Hilton, Osborne and the fight for Downing Street influence

Are we seeing the rise of the realists?

During Gordon Brown's brief summer honeymoon of 2007 David Cameron headed off to Africa for one of his many rebranding/detoxifying exercises. The timing was terrible. Floods had hit parts of the UK including his own constituency of Witney. He should not have gone, or at least cut short the trip, and he knew it, turning to his adviser Steve Hilton (according to Andrew Rawnsley's account in "The End of the Party") to declare: "I should have stayed at fucking home."

Hilton, now director of strategy to PM Cameron, is the man behind many of those set pieces, the very acts of public relations -- hugging hoodies and huskies -- that Ed Miliband now is being urged to copy as his personal ratings suffer. Ironic, therefore that Hilton's own position is being widely discussed this weekend.

The current talk appears to be prompted by a recent piece in the Spectator in which James Forsyth wrote:

Steve Hilton, the Prime Minister's guru and Downing Street's reformer-in-chief, is increasingly frustrated by this backsliding [on public sector reform]. One Whitehall ally worries that he could soon walk away in frustration if all these policies carry on being delayed and diluted.

Writing in today's Mail on Sunday, Forsyth says:

Hilton might be only an 'adviser', but in the Coalition's first year in office he has been a far more powerful figure than most Cabinet Ministers. The opinions of few others matter more to the Prime Minister than those of his long-time friend and ally.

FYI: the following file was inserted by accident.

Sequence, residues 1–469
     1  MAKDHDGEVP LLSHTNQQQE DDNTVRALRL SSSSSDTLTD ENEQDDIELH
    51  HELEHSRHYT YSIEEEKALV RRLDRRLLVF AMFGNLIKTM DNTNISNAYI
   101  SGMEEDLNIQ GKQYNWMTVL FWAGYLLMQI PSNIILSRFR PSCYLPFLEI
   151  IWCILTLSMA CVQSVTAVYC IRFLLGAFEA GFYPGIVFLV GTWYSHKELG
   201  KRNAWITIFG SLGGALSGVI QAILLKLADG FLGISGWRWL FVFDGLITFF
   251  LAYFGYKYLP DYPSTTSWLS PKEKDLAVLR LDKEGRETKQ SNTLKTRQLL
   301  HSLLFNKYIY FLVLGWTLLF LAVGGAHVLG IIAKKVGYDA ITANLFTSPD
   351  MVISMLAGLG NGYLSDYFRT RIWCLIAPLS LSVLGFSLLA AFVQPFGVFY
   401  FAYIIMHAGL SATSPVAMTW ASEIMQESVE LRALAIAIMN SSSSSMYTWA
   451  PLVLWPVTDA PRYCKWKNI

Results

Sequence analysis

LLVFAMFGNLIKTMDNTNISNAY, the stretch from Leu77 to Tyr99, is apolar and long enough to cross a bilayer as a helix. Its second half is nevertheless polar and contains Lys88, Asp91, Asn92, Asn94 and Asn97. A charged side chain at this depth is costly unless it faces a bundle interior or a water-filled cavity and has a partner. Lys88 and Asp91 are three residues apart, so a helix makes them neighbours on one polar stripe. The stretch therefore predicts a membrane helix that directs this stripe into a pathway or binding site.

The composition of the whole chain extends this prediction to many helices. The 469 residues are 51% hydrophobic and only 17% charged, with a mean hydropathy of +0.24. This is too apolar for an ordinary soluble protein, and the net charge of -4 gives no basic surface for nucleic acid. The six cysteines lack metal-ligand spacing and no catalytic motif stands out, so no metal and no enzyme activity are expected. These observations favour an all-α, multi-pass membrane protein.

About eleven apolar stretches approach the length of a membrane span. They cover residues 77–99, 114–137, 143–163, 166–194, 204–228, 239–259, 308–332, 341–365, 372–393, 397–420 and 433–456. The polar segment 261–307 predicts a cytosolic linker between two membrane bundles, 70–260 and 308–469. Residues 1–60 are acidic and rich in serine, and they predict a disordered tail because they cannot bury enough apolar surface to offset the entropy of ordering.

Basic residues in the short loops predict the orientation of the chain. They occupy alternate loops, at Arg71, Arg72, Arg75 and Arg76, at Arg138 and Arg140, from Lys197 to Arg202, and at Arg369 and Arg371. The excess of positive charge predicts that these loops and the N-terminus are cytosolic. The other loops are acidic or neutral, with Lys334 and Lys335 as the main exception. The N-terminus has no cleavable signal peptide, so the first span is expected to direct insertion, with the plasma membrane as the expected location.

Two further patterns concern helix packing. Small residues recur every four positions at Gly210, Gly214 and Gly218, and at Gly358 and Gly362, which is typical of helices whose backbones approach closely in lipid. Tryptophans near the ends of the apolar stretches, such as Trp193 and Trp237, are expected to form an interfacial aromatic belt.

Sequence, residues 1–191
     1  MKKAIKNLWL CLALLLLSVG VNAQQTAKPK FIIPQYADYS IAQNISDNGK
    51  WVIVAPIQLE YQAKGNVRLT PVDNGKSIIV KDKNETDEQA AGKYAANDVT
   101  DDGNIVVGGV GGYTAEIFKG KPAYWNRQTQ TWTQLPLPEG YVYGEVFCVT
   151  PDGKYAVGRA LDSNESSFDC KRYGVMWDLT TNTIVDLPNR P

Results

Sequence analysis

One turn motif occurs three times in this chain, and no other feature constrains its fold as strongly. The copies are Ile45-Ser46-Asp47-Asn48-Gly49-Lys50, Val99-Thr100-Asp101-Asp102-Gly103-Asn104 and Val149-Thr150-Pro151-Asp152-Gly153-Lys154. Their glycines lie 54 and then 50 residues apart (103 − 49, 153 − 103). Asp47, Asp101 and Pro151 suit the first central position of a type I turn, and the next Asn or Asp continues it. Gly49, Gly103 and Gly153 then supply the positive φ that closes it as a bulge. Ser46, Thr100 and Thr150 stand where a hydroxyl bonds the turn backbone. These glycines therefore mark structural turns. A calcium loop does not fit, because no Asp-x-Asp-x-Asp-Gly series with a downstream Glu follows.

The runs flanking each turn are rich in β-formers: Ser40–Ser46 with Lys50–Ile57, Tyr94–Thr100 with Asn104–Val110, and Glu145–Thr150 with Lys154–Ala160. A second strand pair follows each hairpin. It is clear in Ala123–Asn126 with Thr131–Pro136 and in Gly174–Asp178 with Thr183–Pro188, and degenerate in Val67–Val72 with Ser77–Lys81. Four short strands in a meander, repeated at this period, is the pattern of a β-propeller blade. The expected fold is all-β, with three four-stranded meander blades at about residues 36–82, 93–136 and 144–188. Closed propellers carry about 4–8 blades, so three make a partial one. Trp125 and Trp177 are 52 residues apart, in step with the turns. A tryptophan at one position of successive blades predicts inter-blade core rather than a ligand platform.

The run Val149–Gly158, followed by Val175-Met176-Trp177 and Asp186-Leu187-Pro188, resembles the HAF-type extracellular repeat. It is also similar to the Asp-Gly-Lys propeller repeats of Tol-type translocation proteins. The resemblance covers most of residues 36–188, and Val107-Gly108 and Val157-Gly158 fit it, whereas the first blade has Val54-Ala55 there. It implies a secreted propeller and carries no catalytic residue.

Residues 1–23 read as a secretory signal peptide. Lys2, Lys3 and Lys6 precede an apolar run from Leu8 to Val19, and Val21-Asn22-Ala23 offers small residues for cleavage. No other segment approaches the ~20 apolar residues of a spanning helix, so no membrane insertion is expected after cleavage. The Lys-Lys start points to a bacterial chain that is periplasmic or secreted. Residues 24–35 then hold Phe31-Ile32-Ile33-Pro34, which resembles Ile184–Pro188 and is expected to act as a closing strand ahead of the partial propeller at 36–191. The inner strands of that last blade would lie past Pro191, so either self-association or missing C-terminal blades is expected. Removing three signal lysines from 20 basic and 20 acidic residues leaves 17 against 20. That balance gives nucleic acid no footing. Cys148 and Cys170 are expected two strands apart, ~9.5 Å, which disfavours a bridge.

Hilton's frustration apparently stems from the achingly-slow pace of the civil service machine. There exists particular animosity with Ed Llewellyn, Cameron's chief of staff who is said to "disapprove of Hilton's combative approach to officialdom", according to Forsyth's sources.

ConservativeHome editor Tim Montgomerie comes at the story from a slightly different angle. In a piece in today's Sunday Telegraph -- "How the realists eclipsed the radicals inside Downing Street" -- Montgomerie writes:

The big U-turns on health and prison sentencing reflect the rise of the realists, led by George Osborne, and the partial eclipse of the radicals, led by Steve Hilton, David Cameron's political guru.

John Rentoul chips, writing in the Independent on Sunday:

Hilton is the advocate of always going further and faster, which was also the mantra of the Blairites in the later New Labour years. His attitude to public opinion is that it is there to be led. This is not entirely reckless, although on the NHS it was hard to see how public opinion could have been turned round (at least, not without a new health secretary).

A picture is emerging of George Osborne exerting more and more influence on decision making. It's a picture that the Chancellor will find agreeable and one probably that he is more than happy to see disseminated. Here's the uber-strategist taking the pragmatic course when necessary.

All of which suggest trouble ahead when "Osborne the realist" meets "Chancellor Osborne the ideologue" if economic growth fails to materialise and the private sector fails to deliver jobs as he's promised it will.

To retreat from Andrew Lansley's NHS plans is one thing. To retreat from his own economic Plan A, something else altogether.

 

 

 

 

Jon Bernstein, former deputy editor of New Statesman, is a digital strategist and editor. He tweets @Jon_Bernstein. 

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“I felt very lonely”: addressing the untold story of isolation among young mothers

With one in five young mothers lonely “all the time”, it’s time for employers and services to step up.